Atalanta and Hippomenes

The famous works of the seventeenth century by Guido Reni translated into bas-relief by the Anteros Museum
Loretta Secchi

The Fondazione Città Italia (Foundation for the Cultural Heritage of Italian Cities) has its headquarters in Rome. The Foundation and Naples’ Capodimonte Museum commissioned the Institute for the Blind Francesco Cavazza’s Anteros Tactile Museum to execute for the visually impaired the translation in bas-relief of the famous works of the 17th century by Guido Reni, Atalanta and Hippomenes. This absolute masterpiece was reproduced so that it could be perceived and deciphered through touch enabling the acquisition by people living with vision loss of proprioceptive and kinesthetic skills essential to the development of cognition and creativity. This process relying on somesthesia involves body and mind.


Lettura tattile dell'opera Atalanta e Ippomene

The iconography of Atalanta and Hippomenes, as we know it today, has origins that go back to Euripides, 5th-century BC classical Greek tragedian. The most touching narrative about this myth is drawn from Book 10 of Roman poet Ovid’s Metamorphoses. It tells the story of Princess Atalanta, sometimes considered a nymph, daughter of Iasius, King of Arcadia, and Clymene, and of her relationship with young Hippomenes. Abandoned by the father on Mount Pelion, because she was undesired compared to a male child, and brought up by a female bear, Atalanta grows into a beautiful and talented woman. Skillful hunter, she distinguishes herself and excels in foot-race becoming even faster than the Centaurs. Atalanta is rediscovered by her father who wants her to be married. Atalanta, independent and aware of her abilities, agrees to marry only if her suitor can outrun her in a foot-race. Those who lose would be killed. An oracle had warned her that the day she would marry she would lose her abilities. In this scenario, threatening and dark, emerges the simple yet heroic figure of Hippomenes. The young man is deeply in love with Atalanta and decides to rise to the difficult challenge and asks Venus for help. The Goddess accepts Hippomenes’ prayer and gives him three golden apples to be dropped one by one during the race in order to slow Atalanta down, win the race and marry her. Despite her unbeatable speed, every time Atalanta gets ahead of Hippomenes, he rolls an apple ahead of her, which she tries to catch. Though she is preoccupied of losing the race, she is also impressed by this suitor’s courage and feels he should not die for her. The myth describes the culmination of a love blossomed at first sight and in part favoured by the gods, but the final part of the story is tragic and shocking.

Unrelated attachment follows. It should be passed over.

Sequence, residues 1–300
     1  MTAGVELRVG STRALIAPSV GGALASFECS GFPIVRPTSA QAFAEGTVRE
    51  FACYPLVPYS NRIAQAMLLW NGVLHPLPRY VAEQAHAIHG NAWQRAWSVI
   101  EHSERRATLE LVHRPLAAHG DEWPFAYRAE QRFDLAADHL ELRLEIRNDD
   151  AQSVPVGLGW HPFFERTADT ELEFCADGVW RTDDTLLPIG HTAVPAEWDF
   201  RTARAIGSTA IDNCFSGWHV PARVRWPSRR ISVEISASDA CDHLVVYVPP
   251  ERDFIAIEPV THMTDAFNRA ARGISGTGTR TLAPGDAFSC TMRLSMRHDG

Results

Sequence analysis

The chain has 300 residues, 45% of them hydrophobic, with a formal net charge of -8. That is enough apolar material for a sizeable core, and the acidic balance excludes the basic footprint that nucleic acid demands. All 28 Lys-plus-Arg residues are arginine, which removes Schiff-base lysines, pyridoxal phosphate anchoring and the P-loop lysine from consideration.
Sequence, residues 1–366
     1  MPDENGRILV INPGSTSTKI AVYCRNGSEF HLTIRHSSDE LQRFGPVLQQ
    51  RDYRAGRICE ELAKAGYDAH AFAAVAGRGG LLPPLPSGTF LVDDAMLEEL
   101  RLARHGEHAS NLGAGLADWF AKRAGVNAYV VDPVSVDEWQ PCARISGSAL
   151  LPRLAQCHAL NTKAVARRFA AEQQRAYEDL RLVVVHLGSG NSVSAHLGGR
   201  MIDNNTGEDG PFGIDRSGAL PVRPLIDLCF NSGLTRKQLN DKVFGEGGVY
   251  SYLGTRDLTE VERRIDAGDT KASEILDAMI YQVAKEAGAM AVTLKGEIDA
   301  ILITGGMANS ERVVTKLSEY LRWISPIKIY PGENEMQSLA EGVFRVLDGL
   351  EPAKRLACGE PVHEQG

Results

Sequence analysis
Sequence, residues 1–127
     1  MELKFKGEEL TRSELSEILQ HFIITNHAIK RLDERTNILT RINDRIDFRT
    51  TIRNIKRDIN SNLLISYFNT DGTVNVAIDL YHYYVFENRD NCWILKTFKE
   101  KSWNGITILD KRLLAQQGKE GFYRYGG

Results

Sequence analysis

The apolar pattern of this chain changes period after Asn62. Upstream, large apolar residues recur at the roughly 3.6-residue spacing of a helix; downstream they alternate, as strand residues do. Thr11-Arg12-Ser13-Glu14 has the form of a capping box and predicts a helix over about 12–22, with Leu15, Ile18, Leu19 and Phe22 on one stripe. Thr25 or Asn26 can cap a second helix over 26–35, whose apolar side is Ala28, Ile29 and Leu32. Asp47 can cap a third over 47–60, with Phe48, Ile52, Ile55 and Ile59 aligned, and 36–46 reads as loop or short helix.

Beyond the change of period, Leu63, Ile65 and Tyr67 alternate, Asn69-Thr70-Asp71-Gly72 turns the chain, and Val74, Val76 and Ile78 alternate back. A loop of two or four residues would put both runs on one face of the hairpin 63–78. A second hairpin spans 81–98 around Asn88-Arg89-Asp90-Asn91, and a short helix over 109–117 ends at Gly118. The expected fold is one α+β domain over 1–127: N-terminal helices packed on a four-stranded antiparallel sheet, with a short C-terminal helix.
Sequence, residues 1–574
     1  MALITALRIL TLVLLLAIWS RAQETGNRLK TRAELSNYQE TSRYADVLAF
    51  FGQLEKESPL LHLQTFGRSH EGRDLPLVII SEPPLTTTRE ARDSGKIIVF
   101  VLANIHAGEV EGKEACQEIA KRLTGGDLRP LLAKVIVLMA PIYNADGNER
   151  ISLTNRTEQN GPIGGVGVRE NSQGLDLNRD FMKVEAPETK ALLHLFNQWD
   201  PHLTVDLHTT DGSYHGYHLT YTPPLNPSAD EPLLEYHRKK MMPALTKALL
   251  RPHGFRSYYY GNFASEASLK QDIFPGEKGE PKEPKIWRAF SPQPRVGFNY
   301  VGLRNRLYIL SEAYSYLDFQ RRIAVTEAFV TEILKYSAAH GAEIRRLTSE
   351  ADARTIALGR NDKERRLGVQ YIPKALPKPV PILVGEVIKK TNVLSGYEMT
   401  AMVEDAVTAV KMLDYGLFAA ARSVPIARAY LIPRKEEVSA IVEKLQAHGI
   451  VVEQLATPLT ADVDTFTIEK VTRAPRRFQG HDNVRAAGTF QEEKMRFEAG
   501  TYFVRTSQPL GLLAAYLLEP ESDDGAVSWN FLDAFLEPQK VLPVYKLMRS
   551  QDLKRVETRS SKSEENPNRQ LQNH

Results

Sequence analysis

Atalanta e Ippomene - Guido Reni

Atalanta and Hippomenes happily live their conjugal love but, one day, they enter in one of Cybele’s temples where they make love. This incurs the wrath of Aphrodite who punishes them, turning them into lions. In classical tradition it was believed lions could not mate with other lions. The metaphor of the sanctioned passionate sacrilege is complex and presents interesting facets from a moral and psychological perspective. A form of fear of self-giving can be interpreted in the character of Atalanta, dictated by the trauma of the original rejection by the father and the opportunity to transform the trauma into an act of liberating love beyond any hesitation or inhibition.


To make the idea of a tactile aesthetic beauty more tangible, the three-dimensional translation into prospective bas-relief of the masterpiece by Guido Reni offers people who are blind and visually impaired the sensory and intellectual vision of the painting’s forms and content. The work of translating the pictorial values of the masterpiece’s surfaces, volumes, compositional geometries, dynamism and spatiality into plastic values in bas-relief is complex. One learns about the work of art and the myth itself by actively listening to body experiences and verbal narration. This creates a mental image which corresponds to the scene of Hippomenes’ agile stride while in the foreground Atalanta is depicted while bending down to pick up the second golden apple, Hippomenes’ agile body and Atalante’s, soft and gathered. The hidden geometry fosters the understanding of the scene’s space and time and the semantics of gestures. People with vision loss can then take ownership of the composition, internalizing functionally the experiential knowledge of body structure in order to understand the expressive and aesthetic meaning of gesture in art.


Atalanta e Ippomene